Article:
ArchiveJuly 2011

Slowed nerve conduction: fatigue and heat sensitivity

As a follow-up to my post yesterday. “Roshni was correct; well done!” The main consequence to slowed conduction is fatigue. The commonest example is exercise-induced fatigue. For example you may find that as you walk or exercise it becomes more difficult; your leg begins to drag, your vision may blur or your thought processes seem to slow. The reason for this is that those...

Vitamin D intake during pregnancy is associated with a lower risk of MS in offspring

Objective. Vitamin D may have a protective role in the aetiology of MS, but the effect of vitamin D in pregnancy on adult onset MS has not been studied. Methods: In 2001, 35,794 mothers of participants of the Nurses’ Health Study II completed a questionnaire inquiring about their experiences and diet during pregnancy with their nurse daughters. This allowed...

Animal use rises

The number of genetically modified (GM) animals, particularly mice, being bred for research in the UK rose by 6% from 2009 to 2010.

“I wonder how many of them were being used for MS-related research? I suspect a lot.”

Additional reading: Nature 21 st July 2011

CCSVI does not predict MS risk or severity

Background: It is unclear whether chronic cerebrospinal venous insufficiency (CCSVI) is associated with MS, because substantial methodological differences have been claimed by Zamboni to account for the lack of results of other groups. Furthermore, the potential role of venous malformations in influencing MS severity has not been fully explored. This information is particularly relevant, because...

Slow nerve conduction in MS: are there consequences?

As a follow-up to the post from yesterday. The top video shows how nerve fibres conduct electricity within the nervous system; the scientific term for this is saltatory conduction; i.e. the electrical impulses jump from one gap in the myelin to the next. The conduction is very rapid. The video below shows conduction in a demyelinated nerve that has restored conduction by a...

Evoked potentials in early MS correlate with disability

Evoked potentials (EPs) is a technique that allows us to test the electrical conduction in a particular pathway within the nervous system. If the conduction is slow it tells us the particular pathway being tested is demyelinated.  EPs can be very helpful in making a diagnosis of MS; EPs can be used to show sub-clinical or asymptomatic involvement of a particular pathway. Aim: This...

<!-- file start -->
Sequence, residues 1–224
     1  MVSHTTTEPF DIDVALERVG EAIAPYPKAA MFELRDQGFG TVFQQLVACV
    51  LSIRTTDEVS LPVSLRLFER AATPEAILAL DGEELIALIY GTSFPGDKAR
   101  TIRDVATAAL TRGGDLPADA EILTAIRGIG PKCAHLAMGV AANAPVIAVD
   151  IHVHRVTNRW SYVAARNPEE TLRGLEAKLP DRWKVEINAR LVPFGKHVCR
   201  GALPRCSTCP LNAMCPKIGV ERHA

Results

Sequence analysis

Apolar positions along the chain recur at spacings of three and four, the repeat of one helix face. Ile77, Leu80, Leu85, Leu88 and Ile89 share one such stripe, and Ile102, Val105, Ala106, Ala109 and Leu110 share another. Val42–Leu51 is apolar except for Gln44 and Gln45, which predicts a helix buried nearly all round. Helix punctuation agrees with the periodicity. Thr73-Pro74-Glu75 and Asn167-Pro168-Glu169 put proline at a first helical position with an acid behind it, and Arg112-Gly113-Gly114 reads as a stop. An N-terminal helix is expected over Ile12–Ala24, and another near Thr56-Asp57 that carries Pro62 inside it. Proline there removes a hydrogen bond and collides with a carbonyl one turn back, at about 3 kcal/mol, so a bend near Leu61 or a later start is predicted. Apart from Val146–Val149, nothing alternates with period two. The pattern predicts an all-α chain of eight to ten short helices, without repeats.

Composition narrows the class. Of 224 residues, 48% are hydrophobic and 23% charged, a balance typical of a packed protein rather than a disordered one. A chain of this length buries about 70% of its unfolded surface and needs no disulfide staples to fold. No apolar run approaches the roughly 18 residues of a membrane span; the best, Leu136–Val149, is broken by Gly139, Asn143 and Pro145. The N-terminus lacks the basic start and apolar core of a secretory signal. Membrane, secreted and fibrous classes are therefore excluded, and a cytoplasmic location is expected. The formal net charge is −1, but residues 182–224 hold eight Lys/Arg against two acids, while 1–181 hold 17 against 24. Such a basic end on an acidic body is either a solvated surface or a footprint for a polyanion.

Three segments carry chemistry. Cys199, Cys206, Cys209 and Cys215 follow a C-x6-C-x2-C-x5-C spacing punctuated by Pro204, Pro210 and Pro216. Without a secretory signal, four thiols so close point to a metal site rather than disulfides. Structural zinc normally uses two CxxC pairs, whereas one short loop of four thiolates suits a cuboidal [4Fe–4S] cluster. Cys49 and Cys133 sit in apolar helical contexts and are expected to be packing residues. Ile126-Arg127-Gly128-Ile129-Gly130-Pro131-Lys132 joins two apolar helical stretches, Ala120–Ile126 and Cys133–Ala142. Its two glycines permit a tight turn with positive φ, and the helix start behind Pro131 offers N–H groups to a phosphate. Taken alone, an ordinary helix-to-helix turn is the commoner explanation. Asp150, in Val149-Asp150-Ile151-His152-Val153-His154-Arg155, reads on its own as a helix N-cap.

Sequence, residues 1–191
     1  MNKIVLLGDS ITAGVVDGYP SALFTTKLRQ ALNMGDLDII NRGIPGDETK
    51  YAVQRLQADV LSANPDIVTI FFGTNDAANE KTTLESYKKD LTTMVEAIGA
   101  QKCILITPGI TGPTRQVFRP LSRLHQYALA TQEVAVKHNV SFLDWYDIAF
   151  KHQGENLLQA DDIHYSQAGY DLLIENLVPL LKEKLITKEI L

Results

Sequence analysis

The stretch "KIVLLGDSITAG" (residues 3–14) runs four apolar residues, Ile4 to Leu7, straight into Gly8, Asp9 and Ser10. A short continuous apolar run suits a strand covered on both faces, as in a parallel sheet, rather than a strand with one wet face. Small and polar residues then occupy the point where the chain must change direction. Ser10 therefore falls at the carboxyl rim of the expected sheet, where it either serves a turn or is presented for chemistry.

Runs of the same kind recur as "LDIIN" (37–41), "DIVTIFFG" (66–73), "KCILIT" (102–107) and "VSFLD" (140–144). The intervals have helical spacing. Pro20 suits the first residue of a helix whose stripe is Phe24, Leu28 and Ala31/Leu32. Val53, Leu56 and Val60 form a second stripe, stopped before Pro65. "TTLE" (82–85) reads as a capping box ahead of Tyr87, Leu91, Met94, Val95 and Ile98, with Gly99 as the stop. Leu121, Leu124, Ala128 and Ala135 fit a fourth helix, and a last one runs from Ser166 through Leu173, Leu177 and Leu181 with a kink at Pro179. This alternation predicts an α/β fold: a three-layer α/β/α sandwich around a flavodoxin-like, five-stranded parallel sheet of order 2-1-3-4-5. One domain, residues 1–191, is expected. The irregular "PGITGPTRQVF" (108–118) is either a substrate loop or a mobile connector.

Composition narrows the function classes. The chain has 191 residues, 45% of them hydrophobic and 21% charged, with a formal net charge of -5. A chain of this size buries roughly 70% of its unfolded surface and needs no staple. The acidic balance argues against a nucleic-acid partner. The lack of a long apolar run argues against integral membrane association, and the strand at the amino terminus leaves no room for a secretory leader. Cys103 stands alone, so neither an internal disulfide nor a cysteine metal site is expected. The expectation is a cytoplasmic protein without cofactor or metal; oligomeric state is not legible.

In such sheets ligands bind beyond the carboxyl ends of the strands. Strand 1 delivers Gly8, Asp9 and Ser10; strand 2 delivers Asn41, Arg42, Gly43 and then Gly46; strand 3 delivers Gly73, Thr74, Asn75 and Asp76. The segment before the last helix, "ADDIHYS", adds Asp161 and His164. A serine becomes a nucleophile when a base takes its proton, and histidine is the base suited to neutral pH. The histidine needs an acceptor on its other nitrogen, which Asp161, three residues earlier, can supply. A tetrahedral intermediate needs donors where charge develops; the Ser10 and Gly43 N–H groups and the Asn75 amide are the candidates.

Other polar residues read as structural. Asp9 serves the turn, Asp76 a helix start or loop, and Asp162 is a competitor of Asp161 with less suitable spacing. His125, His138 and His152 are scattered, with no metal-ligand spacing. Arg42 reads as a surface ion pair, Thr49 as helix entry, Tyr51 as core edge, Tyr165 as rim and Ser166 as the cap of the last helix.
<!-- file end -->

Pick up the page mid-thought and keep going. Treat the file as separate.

Do you have a problem with walking?

This review article highlights another big problem in MS; problems with gait or walking. Gait problems in MS’ers is characterised by reduced walking speed, walking endurance, step length, cadence (how smooth your gait is) and joint motion, as well as increased energy requirements of walking and increased variability of gait. Standardised clinical, timed, and patient-based measures can...

Are you having falls?

Aims: This study investigated the incidence, associated factors and health care provider response to falls in 474 MS’ers. Methods: The study was done via a postal survey questionnaire  Results: A total of 265 (58.2%) MS’ers reported one or more falls in the previous 6 months.  58.5% of falls resulted in injuries. Tripping or slipping while walking accounted for 48% of...

Fingolimod does not promote remyelination

Fingolimod has been shown to work in animal models of MS, and has been approved as a treatment for relapsing-remitting MS. There is controversy in the literature regarding the contribution of fingolimod to myelin repair.  In this study the investigators looked at the effect of fingolimod on myelin repair in two models of demyelination that have a minimal inflammation...

Query regarding Natalizumab

In response to an email query regarding someone who has had 5 infusions of Natalizumab. Q1.  What does it mean if a MS symptom (intention tremor) improves in the first few months and then becomes worse than before treatment started? “The expectation of Natalizumab therapy is to prevent future attacks; it does little to repair previous damage. In MS’ers with early disease suppressing on-going...

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